Is dirty food over?
By Rebecca Smith
|Fried chicken? Bring it on! And the sides too…|
First came the burgers: shamelessly brash meaty monsters, groaning with toppings, sauces and sides. Then came the ribs, followed by the fried chicken, then the pulled pork sandwiches.
A wealth of bourbon and rye cocktails followed hot on their heels and before we knew it, our restrained British dining scene was seeing a dirty food revolution – we were wallowing in the sheer forbidden, greasy pleasure of it all. Eating with your fingers! Loud music! Mac’n’cheese as a side dish!
It bills itself as ‘Manhattan meets Mayfair’, and there’s something rather refreshing about being served by people very American in their desire to please. It makes the self-consciously truculent staff in the dirty food joints seem a bit silly by comparison. Christopher’s in Covent Garden and Ollie Dabbous’ new Barnyard on Charlotte St are doing similar things – there’s still an emphasis on good ol’ Yankee comfort food, but with more of a nod to the fact that sometimes your dinner doesn’t have to drip with fat to be delicious.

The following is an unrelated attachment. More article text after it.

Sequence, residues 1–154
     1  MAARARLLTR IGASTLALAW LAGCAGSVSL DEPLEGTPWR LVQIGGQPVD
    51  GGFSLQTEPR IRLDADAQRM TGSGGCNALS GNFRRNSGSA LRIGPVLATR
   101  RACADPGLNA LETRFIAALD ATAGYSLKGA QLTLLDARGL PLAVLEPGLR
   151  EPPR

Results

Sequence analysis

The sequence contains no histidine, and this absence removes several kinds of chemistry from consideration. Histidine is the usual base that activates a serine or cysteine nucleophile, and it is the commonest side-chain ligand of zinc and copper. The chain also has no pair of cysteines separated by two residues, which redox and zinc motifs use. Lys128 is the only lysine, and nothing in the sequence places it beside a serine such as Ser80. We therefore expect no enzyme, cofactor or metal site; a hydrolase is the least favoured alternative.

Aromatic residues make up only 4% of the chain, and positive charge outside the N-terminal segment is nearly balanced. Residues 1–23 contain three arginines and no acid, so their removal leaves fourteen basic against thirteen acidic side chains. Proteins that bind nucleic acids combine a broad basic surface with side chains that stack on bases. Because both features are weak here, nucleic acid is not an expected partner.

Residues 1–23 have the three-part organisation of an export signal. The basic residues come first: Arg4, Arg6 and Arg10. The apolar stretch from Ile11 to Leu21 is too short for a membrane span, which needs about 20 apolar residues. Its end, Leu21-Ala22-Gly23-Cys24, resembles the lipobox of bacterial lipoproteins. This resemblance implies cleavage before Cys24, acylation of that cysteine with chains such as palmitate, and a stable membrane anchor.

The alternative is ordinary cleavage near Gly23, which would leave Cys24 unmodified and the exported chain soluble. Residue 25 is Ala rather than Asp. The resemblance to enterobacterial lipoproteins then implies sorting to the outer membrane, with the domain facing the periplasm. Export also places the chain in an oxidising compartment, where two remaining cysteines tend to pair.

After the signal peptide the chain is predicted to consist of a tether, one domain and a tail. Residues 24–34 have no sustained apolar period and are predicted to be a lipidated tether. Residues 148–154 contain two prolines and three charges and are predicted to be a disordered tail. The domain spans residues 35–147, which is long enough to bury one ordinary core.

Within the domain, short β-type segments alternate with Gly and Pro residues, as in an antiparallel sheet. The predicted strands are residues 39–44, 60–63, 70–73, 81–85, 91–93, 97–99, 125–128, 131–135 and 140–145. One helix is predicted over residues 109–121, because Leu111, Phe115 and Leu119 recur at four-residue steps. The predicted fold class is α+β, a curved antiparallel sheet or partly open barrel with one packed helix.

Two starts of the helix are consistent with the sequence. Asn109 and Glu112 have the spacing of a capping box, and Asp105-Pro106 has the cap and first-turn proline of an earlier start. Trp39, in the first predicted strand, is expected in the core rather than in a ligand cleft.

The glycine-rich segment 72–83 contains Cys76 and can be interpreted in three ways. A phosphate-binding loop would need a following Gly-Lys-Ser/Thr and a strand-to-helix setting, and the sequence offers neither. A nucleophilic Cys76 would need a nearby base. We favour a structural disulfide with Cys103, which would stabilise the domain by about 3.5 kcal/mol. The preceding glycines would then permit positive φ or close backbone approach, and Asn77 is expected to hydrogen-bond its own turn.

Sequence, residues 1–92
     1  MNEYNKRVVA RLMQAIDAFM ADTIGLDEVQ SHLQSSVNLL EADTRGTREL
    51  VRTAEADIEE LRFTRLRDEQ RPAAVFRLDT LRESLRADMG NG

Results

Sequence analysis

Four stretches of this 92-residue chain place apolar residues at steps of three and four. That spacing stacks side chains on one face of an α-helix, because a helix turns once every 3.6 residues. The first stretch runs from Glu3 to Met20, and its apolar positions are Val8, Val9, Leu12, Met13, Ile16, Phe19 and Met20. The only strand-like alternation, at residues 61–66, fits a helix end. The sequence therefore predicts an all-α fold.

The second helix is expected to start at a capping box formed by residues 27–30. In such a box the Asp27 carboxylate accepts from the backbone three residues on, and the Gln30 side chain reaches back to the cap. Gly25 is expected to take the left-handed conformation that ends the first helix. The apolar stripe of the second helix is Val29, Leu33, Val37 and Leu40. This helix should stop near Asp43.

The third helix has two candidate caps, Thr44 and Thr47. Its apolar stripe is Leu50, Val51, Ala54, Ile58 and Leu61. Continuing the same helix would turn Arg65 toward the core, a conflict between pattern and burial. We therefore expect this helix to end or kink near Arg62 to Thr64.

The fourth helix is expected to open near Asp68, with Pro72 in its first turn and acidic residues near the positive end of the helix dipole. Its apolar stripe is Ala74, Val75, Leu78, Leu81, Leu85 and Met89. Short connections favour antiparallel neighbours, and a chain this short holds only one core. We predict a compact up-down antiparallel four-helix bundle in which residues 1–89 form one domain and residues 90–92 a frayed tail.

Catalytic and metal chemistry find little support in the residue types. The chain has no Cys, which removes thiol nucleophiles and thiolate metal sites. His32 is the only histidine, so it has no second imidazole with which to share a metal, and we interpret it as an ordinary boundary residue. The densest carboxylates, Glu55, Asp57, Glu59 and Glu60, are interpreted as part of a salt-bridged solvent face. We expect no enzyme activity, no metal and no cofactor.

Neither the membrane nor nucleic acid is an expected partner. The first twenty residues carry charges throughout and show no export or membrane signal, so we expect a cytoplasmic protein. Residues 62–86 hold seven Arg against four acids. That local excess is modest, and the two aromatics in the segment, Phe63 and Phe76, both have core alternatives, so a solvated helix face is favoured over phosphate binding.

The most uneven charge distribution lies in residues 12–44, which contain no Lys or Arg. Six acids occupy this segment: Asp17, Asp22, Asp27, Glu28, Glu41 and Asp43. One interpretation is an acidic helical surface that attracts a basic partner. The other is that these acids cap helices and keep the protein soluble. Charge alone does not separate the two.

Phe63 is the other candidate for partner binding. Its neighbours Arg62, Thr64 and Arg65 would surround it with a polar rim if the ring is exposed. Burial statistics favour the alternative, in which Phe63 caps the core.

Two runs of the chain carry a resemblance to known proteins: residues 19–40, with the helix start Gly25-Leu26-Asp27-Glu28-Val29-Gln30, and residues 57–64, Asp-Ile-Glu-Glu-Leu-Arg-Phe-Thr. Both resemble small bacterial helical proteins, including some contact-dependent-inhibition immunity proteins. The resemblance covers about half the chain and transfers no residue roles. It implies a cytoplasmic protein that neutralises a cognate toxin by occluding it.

Last year, when dirty food was at its most popular we devoted a large chunk of our July issue to an American foodie roadtrip, and received fantastic feedback about it. While a lot of the recipes featured were unapologetically calorie-laden (see corndogsand Mississippi mud pie), some of our favourite dishes were the most sophisticated – cioppino, an aromatic fish stew from San Francisco, and a proper Louisiana jambalaya, incredibly complex in its flavourings, spring to mind.
As we get into this next phase of foodie trends we’re looking forward to seeing some of the more unusual and subtle dishes that the USA has to offer. Being given a knife and fork again won’t be too bad, either…